Moniz & Browne say must address energy security & climate together

Lord John Browne (left) and Ernest Moniz (right) discuss the present realities shaping our energy future.

“We can’t discuss these issues of energy transition, of energy security, of geopolitical realities as silos,” said Energy Futures Initiative (EFI) CEO Ernest Moniz in a discussion with Lord Browne, Chairman of EFI’s Global Advisory Board. Moniz has frequently emphasized this point, most recently in his July 2022 op-ed in The Boston Globe, in which he said, “Climate change and energy security must be one conversation to most effectively address both.”

With these recent remarks, it is worth taking a further look at what Moniz and Browne said earlier this year at CERAWeek 2022 about addressing energy security and climate change together.

In the CERAWeek session, “Voices of Innovation: John Browne & Ernie Moniz,” Moniz explained how an integration of climate and energy security factored into his past work as U.S. Energy Secretary. In discussions between the Obama administration, G-7 countries, and the EU, he said, “There was, among other things, an explicit recognition that addressing low carbon was part and parcel of addressing energy security issues. So, that was this kind of integration of perspectives, which we need more of today.”

Browne—who is also Former Chief Executive of BP and Chairman of BeyondNetZero—underscored the importance of addressing decarbonization and energy security as system-level issues. He said the long-term objective of reducing greenhouse gas emissions must be considered alongside costs, timing, and tradeoffs to maximize reliability and minimize energy insecurity and its destabilizing effects. Browne stressed that a decarbonization strategy must integrate the energy transition, energy security, and geopolitics in theory and practice.

Moniz highlighted that while clean energy discussions are extensive, movement toward a clean energy future is slow.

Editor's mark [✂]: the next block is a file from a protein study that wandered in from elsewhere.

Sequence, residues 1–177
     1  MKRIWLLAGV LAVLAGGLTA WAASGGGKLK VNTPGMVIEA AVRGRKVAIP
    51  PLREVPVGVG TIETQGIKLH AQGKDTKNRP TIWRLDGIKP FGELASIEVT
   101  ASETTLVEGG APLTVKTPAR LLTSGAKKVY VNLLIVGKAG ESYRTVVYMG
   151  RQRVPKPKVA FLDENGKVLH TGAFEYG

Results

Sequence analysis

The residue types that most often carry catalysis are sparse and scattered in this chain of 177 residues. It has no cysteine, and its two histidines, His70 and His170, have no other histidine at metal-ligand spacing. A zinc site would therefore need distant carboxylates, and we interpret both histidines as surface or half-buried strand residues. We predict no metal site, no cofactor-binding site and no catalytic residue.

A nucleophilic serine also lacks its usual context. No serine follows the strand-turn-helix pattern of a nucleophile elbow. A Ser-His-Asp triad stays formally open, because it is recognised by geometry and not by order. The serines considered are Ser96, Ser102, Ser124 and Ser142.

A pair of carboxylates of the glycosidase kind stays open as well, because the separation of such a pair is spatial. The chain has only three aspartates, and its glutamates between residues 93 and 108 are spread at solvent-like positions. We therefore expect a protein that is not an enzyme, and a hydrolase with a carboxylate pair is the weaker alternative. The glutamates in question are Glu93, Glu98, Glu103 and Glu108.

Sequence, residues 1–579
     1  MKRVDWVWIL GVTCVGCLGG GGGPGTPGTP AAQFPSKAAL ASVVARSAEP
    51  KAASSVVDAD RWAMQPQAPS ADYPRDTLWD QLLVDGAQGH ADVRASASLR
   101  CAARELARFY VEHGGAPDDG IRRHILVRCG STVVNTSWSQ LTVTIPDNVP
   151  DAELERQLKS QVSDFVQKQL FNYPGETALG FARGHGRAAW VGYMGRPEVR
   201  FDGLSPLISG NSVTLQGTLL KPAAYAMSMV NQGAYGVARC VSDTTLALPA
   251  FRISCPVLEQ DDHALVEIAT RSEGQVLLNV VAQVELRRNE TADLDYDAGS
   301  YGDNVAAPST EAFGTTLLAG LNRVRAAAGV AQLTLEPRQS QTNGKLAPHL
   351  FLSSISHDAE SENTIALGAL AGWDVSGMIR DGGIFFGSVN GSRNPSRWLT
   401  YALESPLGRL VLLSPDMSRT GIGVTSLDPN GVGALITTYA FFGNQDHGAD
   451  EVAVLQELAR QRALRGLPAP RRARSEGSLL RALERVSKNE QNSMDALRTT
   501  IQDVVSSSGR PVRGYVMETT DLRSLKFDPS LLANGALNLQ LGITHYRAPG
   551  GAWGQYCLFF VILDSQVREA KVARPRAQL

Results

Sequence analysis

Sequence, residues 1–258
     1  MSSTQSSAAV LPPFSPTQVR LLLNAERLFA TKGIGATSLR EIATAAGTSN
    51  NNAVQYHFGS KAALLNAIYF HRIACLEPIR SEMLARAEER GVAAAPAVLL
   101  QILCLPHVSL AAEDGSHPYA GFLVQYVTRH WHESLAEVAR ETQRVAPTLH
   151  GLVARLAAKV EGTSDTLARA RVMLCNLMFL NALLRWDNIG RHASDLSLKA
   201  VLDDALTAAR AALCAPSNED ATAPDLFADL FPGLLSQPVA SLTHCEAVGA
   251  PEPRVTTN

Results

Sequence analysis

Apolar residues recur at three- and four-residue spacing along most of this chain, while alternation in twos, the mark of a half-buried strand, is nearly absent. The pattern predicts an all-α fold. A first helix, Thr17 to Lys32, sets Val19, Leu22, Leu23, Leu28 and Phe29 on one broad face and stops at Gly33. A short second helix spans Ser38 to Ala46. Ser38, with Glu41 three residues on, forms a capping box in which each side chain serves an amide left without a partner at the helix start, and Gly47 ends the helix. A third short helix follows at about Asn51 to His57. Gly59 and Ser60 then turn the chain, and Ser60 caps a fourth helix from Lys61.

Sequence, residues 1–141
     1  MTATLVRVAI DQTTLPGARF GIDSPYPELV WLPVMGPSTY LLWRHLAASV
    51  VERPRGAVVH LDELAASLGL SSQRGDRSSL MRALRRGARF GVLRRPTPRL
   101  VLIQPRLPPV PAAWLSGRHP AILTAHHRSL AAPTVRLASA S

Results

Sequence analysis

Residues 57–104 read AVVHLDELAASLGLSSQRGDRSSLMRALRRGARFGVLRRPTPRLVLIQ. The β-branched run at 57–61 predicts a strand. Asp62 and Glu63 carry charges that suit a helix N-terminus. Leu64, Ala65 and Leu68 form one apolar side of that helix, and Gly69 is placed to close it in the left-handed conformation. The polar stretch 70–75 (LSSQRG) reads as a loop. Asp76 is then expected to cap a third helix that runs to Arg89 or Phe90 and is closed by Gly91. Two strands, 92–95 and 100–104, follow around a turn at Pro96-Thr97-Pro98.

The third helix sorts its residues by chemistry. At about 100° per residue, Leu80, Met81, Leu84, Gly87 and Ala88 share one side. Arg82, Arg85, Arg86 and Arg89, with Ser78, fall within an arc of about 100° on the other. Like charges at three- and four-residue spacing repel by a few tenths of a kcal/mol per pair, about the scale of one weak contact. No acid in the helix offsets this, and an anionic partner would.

“It’s a lot easier to talk about the destination than the road to get there, because that is bumpy,” Moniz said.

For example, Moniz said international dialogue is often counterproductive because it fails to build consensus on which energy sources to use, and who should use them, when creating clean energy pathways. Moniz recalled blanket statements at COP26 against natural gas that elicited backlash from less-developed countries that rely on natural gas for economic and social development.

“Here we are, in Europe increasing gas use, in the United States basically increasing gas use—now 40 percent of the power sector—and lecturing about how these countries should develop,” Moniz said.

Moniz also recalled conversations about decarbonization and energy security at the beginning of the Russia-Ukraine conflict in 2014, while serving as U.S. Energy Secretary. “There are many quotes from 2014 that you can just repeat today, including with the word ‘Ukraine’ in it,” Moniz said.

Despite lasting issues of energy security and transition, Moniz expressed confidence that strides in decarbonization will occur given the sector’s rapid evolution. For example, the need for significant “firm power”—meaning reliable and lasting power sources—has become a central tenet, which “was not the case, in many quarters, five years ago,” Moniz said. Although the energy space must better integrate perspectives when planning for the clean energy future, it is evident that ideas are shifting; action must follow, he explained.

Moniz spoke further at CERAWeek’s annual gathering of global energy experts on energy technology, including nuclear fusion. The conversation between Moniz and Browne showcases how innovators—from diverse backgrounds—can share a mutual understanding of the most pressing issues confronting the energy sector. Under Moniz’s leadership, EFI has published many reports on the clean energy transition. Explore these topics further:

— Jaycee Scanlon, Communications Fellow

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